Dr Roger Few, School of Development Studies, University of East Anglia, Norwich, UK. Roger is a social scientist whose research centres on environment and health in developing countries. He is especially interested in how both people at risk and health system institutions perceive and respond to the potential health impacts of climatic and environmental hazards.
Roger Few is a Senior Research Fellow in the School of Development Studies at the University of East Anglia (UEA). He has a background in human geography, political ecology, and environment and health in developing countries. His current research focuses on vulnerability and adaptation to environmental/climatic hazards, with special interest in how households, communities and institutions respond to the health risks associated with extreme weather events and other hazards. He currently completed a Research Fellowship funded by the UK Economic and Social Research Council on Climatic hazards, health risks and response in developing countries, and has ongoing projects on these themes in Vietnam and Mexico funded by the UK research councils. He is also lead coordinator of a new international research network on environment, health and development to be launched during 2008.
Previous work has included projects on flooding and health funded by the British Academy and by the Tyndall Centre for Climate Change Research (Roger is an Affiliated Researcher of the Tyndall Centre). Prior to joining UEA, Roger held a postdoctoral research post in urban health and development at London South Bank University. Applied research is a complementary component of the academic research. Roger recently participated in the study Disaster Risk Reduction: A Development Concern commissioned by the UK Government s Department for International Development, and he was team leader for the project Linking Climate Change Adaptation and Disaster Risk Management for Sustainable Poverty Reduction funded by the European Commission as a contribution to the multi-agency Vulnerability and Adaptation Resource Group (VARG). His publications include Flood Hazards and Health: Responding to Present and Future Risks (Earthscan, 2006) and Health and Climatic hazards: Framing Social Research on Vulnerability, Response and Adaptation (Global Environmental Change journal, 2007).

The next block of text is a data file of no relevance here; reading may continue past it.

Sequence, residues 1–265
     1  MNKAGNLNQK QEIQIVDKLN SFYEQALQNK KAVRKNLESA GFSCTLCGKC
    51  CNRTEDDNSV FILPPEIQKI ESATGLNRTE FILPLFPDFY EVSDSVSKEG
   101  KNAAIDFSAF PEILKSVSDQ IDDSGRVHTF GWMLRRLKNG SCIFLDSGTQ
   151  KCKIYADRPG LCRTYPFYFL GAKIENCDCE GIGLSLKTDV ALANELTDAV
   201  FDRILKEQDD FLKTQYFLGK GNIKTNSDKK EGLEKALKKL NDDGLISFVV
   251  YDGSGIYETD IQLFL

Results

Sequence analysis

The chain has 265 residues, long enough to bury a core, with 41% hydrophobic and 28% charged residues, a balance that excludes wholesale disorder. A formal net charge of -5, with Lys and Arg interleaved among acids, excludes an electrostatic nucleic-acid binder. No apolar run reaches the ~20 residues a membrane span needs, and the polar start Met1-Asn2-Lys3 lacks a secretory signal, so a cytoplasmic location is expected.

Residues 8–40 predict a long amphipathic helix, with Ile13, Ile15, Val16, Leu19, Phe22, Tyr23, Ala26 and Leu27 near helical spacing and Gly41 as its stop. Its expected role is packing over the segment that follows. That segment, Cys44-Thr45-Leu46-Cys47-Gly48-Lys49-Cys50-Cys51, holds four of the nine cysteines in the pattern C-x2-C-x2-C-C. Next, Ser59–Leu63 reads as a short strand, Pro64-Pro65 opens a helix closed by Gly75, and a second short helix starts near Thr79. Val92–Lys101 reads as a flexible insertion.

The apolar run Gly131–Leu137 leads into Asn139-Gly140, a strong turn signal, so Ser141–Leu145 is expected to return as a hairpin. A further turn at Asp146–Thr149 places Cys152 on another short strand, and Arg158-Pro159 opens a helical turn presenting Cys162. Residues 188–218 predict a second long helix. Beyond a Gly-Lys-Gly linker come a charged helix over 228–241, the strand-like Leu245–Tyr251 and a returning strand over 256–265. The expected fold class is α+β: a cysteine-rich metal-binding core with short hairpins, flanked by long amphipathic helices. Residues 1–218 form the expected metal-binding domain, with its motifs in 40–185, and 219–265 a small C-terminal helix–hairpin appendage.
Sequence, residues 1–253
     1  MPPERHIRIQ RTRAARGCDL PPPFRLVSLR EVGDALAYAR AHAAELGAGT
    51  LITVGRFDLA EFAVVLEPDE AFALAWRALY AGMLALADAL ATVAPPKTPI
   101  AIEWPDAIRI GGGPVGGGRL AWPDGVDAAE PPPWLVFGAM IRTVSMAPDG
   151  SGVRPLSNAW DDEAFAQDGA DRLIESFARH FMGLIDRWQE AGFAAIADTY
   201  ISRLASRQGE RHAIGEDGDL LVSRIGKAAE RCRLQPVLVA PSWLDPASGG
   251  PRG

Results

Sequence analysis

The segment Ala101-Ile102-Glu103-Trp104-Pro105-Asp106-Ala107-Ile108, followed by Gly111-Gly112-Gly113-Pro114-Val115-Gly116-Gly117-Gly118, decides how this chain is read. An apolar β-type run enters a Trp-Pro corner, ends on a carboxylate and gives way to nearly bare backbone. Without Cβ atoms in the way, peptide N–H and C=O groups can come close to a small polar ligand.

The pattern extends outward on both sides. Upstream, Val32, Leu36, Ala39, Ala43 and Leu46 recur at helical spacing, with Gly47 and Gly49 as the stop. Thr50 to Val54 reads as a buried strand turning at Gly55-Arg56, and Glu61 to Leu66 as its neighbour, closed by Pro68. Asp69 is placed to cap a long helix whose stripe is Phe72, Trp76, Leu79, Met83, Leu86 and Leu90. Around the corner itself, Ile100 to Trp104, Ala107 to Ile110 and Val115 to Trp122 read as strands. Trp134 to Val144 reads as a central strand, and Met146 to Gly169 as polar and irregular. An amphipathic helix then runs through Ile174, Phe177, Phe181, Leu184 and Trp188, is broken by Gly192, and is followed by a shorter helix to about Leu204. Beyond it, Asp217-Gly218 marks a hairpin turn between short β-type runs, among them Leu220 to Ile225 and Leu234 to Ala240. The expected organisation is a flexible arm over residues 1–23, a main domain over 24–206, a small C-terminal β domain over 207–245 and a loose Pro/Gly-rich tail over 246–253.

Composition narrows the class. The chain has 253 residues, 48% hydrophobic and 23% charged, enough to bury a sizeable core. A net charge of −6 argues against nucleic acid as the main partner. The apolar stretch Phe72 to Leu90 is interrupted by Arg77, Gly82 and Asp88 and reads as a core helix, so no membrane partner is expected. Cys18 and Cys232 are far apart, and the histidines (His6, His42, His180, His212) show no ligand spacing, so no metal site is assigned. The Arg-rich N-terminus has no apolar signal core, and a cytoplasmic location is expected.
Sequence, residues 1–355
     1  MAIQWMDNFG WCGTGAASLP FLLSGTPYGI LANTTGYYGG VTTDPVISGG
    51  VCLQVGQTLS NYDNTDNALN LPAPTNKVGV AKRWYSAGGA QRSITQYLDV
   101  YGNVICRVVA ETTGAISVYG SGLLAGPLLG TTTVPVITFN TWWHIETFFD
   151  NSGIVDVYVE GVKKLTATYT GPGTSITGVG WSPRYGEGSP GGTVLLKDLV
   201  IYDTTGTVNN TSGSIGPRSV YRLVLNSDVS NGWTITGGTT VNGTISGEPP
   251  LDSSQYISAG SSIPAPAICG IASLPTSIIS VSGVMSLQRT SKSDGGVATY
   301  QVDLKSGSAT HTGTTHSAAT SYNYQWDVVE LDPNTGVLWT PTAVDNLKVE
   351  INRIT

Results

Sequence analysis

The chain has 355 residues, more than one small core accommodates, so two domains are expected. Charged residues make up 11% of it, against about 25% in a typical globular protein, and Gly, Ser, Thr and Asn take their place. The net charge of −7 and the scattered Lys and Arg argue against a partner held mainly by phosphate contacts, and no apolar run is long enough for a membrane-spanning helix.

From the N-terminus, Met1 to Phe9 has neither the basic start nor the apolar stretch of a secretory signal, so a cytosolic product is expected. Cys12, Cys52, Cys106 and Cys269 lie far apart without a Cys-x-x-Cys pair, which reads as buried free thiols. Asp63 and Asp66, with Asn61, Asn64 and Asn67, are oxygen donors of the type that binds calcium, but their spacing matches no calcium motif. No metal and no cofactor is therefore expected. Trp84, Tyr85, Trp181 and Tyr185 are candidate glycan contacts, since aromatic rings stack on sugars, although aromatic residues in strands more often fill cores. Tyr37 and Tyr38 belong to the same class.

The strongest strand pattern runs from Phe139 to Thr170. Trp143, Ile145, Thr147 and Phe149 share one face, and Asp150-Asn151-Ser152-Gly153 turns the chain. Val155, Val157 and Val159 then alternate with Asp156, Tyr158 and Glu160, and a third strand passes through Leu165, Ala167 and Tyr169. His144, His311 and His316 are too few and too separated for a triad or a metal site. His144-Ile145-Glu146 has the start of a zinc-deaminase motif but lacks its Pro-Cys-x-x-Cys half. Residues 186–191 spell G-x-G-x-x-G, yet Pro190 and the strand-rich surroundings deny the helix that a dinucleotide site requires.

Roger may be contacted at firstname.lastname@example.org.
Updated: June 2008